How To Winterize a Pressure Washer

Updated: Jun. 14, 2023

Own a pressure washer that needs to be put to bed for winter? Follow this detailed guide on how to winterize a pressure washer quickly and easily.

Next Project

20 to 30 minutes






Make sure your pressure washer is ready for spring by winterizing it.

Tools Required

  • Empty oil jug
  • Gas can
  • Large funnel
  • Medium-sized plastic food container
  • Medium-sized slanted oil funnel
  • Siphon pump
  • Small clean shallow plastic container
  • Socket wrench with socket matching your drain plug bolt
  • Two-foot length of garden hose with standard hose threads on one end and no fitting on the other

Materials Required

  • Bottle of fuel stabilizer
  • Bottle of plumbing antifreeze
  • Fresh jug of SAE 0w-30 synthetic motor oil or whichever oil your pressure washer owner's manual recommends

Pressure Washer Winterization

Like most outdoor power equipment, pressure washers occasionally need some TLC, especially when summer’s over and you’re putting it away for the winter.

Forgetting to properly winterize it could mean it won’t start or run well in the spring, and you’ll be spending time troubleshooting your pressure washer rather than using your pressure washer. Avoid these problems by treating your pressure washer right as you prepare to store it for long, cold months ahead.

Both electric and gas-powered pressure washers need winterizing, but the process is simpler with an electric unit. The photos in this article show me winterizing my gas-powered machine.

The usual approach to winterizing a pressure washer, blowing out water with an air compressor, is slow and troublesome. The method I’ll describe here is much faster and easier. All told, it will probably take no more than 20 to 30 minutes — maybe considerably less if you don’t need an oil change and there’s no gas in your machine.

Project step-by-step (7)

Step 1

Shut Off Fuel Valve and Drain the Gas

Note: If you own an electric or battery-powered pressure washer, skip to Step 5.

  • Locate the fuel shutoff valve, most likely on the side of the engine. It may have a small image of a gas pump next to it, or the word “fuel” written nearby. Turn it off.
  • If your pressure washer lacks a fuel shut-off valve, use a hand-operated siphon to drain the gas from the fuel tank into a gas can.
  • Move your pressure washer outside if you haven’t already, then start it up.
  • Run it until the remaining gas in the carburetor and fuel lines is used up and the machine shuts off. This will probably take one minute or so.

Shut off fuel valve and drain remaining gasRobert Maxwell for Family Handyman

Step 2

Add Fuel Stabilizer

  • Top off your gas tank after shutting off the fuel valve and running it dry.
  • Add fuel stabilizer to the tank, one ounce per two gallons of gas. This works out to roughly a tablespoon of stabilizer for most pressure washers. I like to use the stabilizer bottle cap to dispense it.
  • Add stabilizer in this same ratio to your gas can if your washer doesn’t have a fuel shutoff valve and you had to siphon the gas.

Add fuel stabilizerRobert Maxwell for Family Handyman

Step 3

Drain the Oil

Note: Skip this step and the next if you’ve recently changed your oil.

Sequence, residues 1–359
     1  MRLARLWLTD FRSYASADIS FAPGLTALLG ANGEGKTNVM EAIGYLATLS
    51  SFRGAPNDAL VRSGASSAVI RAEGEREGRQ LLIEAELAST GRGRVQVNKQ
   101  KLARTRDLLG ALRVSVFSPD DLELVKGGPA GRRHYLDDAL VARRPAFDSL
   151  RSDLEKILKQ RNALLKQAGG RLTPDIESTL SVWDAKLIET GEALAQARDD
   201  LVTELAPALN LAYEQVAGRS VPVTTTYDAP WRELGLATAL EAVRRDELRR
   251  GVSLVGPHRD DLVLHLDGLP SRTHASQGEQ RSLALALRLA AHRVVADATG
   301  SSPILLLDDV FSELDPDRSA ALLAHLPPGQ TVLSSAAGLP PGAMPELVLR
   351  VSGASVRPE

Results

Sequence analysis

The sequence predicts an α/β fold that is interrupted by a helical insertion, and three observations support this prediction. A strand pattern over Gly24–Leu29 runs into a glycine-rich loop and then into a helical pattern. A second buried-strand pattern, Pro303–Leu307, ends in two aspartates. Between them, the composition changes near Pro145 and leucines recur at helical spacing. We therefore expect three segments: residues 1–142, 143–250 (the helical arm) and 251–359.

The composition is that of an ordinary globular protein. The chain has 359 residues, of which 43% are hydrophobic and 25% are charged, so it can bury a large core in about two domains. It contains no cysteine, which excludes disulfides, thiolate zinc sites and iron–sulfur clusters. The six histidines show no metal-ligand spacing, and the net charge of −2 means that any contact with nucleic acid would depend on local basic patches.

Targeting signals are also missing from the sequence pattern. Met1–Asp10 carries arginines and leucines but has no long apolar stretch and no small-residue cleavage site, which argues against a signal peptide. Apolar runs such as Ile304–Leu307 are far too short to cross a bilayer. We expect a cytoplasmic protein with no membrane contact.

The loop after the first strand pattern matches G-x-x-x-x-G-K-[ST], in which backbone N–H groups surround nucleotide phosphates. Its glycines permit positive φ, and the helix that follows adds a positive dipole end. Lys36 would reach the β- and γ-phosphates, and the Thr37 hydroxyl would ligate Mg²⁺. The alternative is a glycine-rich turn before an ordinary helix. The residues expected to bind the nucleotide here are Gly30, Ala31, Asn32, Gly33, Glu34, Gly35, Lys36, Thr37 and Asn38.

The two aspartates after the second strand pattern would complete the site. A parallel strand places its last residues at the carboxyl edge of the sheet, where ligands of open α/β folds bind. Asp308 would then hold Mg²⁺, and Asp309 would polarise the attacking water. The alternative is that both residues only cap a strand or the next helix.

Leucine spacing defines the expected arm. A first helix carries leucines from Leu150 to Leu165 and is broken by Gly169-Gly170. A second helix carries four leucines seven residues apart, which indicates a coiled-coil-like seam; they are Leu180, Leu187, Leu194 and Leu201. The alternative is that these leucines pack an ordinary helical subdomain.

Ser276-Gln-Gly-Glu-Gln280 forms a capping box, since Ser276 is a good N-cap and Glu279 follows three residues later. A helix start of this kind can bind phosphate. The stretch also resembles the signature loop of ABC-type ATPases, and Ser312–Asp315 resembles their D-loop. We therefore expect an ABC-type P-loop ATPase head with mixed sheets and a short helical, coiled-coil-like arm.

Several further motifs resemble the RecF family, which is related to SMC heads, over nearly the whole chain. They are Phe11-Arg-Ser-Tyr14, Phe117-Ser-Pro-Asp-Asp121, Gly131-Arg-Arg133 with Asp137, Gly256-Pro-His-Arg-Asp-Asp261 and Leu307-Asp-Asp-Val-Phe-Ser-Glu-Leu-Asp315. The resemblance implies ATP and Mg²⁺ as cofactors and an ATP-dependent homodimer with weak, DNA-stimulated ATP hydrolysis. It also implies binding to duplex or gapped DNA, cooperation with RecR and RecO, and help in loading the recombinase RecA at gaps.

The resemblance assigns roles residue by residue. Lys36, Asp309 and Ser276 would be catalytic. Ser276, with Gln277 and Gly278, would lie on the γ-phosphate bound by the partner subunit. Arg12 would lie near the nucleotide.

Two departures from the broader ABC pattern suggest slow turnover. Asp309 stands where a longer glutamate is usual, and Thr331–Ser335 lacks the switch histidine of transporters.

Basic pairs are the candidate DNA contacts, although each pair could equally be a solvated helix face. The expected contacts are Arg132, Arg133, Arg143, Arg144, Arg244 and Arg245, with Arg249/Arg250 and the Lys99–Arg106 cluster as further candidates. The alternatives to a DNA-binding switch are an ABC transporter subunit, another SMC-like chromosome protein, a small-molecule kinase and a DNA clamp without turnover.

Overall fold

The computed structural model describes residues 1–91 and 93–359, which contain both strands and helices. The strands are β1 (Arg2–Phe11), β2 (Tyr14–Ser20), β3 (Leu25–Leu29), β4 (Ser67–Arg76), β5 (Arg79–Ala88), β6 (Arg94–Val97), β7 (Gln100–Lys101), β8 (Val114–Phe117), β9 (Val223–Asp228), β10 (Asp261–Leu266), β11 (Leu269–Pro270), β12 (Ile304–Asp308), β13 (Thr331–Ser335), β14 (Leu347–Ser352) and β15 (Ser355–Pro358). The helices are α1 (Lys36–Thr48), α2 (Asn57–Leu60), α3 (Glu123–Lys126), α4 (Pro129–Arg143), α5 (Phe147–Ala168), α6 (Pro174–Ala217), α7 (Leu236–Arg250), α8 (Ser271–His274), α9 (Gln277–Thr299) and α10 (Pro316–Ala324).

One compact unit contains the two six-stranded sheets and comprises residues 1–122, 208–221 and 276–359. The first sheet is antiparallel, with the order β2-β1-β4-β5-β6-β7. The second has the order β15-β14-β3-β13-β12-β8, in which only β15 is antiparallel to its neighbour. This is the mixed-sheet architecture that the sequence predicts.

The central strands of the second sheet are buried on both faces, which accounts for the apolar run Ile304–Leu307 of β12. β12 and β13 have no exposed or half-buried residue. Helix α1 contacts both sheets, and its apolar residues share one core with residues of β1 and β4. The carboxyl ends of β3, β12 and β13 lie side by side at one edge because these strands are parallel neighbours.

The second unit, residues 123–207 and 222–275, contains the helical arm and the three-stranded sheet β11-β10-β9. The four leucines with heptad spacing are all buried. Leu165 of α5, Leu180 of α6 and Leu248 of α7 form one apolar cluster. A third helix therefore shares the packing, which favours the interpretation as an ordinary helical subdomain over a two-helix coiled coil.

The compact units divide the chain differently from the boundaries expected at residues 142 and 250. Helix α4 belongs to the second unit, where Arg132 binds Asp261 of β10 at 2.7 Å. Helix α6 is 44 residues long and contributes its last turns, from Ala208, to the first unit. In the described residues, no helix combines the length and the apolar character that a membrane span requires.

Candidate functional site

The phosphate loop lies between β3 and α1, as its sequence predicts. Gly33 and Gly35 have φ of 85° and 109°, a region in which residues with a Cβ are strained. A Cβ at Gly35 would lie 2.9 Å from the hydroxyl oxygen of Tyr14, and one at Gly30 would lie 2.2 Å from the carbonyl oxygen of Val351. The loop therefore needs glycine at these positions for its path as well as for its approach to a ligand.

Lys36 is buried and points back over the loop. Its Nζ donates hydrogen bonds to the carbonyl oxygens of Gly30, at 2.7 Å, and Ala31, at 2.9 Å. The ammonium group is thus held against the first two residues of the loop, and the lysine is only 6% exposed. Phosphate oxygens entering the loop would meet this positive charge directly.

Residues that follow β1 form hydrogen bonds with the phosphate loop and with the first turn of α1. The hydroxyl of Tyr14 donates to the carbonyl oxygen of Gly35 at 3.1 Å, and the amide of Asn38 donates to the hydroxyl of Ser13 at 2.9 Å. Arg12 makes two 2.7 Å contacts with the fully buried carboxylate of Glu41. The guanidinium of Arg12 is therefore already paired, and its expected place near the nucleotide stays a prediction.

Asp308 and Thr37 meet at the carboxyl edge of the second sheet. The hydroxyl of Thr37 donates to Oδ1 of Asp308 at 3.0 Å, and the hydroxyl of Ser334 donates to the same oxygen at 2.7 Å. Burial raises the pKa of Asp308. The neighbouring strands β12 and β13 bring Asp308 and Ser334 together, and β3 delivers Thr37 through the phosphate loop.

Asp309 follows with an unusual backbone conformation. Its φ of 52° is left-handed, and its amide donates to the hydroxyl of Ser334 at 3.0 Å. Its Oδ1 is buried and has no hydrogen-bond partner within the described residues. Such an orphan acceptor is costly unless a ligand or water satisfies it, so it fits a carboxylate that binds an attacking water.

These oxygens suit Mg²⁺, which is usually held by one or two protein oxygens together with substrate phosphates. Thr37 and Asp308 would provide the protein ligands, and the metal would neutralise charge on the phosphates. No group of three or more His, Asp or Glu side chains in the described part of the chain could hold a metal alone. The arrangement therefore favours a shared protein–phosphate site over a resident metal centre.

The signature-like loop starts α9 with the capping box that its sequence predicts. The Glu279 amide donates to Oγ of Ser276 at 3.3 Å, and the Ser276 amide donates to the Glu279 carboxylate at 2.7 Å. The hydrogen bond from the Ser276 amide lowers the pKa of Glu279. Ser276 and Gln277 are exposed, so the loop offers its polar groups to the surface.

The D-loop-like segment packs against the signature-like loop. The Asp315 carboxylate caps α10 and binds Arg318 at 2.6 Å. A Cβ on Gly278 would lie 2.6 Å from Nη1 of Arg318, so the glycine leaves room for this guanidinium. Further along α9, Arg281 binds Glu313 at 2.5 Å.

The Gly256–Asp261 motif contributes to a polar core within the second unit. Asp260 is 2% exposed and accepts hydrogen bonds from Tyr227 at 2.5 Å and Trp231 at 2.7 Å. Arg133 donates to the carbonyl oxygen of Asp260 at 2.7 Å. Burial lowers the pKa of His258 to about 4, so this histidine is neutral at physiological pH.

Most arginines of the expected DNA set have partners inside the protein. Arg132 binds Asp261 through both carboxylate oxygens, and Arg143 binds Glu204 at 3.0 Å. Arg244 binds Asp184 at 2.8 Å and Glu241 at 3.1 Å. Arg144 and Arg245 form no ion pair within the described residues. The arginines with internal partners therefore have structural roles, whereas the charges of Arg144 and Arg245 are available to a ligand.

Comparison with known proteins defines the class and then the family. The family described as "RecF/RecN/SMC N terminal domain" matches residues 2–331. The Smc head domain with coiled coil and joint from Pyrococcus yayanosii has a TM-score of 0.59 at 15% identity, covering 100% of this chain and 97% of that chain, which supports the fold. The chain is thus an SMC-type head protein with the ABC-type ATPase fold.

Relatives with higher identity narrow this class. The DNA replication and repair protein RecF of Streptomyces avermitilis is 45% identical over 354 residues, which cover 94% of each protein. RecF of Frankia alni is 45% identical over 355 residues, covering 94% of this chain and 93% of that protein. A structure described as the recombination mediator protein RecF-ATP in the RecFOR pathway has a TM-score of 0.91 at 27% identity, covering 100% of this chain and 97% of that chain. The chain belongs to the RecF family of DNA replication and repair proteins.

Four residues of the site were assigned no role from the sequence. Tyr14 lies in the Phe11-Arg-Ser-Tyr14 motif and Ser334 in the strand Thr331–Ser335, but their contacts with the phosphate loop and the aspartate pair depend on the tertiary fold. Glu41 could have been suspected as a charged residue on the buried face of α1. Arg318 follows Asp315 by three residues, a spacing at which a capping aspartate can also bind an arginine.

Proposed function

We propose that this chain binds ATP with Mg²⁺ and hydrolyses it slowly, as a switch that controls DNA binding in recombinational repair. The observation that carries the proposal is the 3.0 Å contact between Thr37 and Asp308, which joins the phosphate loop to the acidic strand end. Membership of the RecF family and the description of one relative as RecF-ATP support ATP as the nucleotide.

• Locate the oil drain plug near the bottom of the engine.
  • Position your plastic container beneath the drain plug
  • Use a socket wrench to loosen and remove the drain plug, placing it to one side.
  • Allow 10 minutes for the oil to drain into the pan.

Drain the oilRobert Maxwell for Family Handyman

Step 4

Add Fresh Oil

  • Locate and open the oil fill-up port.
  • Place your slanted funnel in the port opening.
  • Pour the SAE 0w-30 synthetic motor oil (or whichever type your owner’s manual specifies) into the port through the funnel. Add it a little at a time.
  • Periodically stop pouring, remove the funnel and check the oil level with the dipstick on the underside of the oil cap.
  • Replace the oil cap when you’ve reached the correct level on the dipstick.

add fresh oilRobert Maxwell for Family Handyman

Step 5

Prepare a Hose and Funnel

  • Disconnect the spray nozzle hose from the water outlet if you haven’t already.
  • Stick your large non-oil funnel firmly into the hose that doesn’t have a fitting.
  • Connect the threaded end of your short length of hose to the water inlet. (My hose has a quick-release fitting.)
  • Rest the funnel on the handle area of your pressure washer if possible. The job’s easier with your hands free.

Prepare a hose and funnelRobert Maxwell for Family Handyman

Step 6

Add Plumbing Antifreeze

  • Pour some plumbing antifreeze down the funnel. Fill it about halfway to the top, then stop.
  • Position your non-oily shallow plastic container directly under the water outlet where the spray nozzle attaches.
  • Pull the cord several times to cycle the engine. The antifreeze should start to disappear down the funnel and into the hose.
  • Continue cycling the engine until the funnel and hose are empty and you see undiluted antifreeze squirting out of the water outlet into your plastic container. Your pressure washer is now protected against internal freezing.

Add plumbing antifreezeRobert Maxwell for Family Handyman

Step 7

Store for the Winter

  • Disconnect the hose/funnel assembly from the pressure washer, draining the excess antifreeze into the shallow container.
  • Pour the antifreeze from the container back into its bottle.
  • Coil the spray nozzle hose around the handle of your pressure washer neatly.
  • Put the pressure washer away with your other winterized outdoor equipment until spring.

Store for winterRobert Maxwell for Family HandymanRobert Maxwell for Family Handyman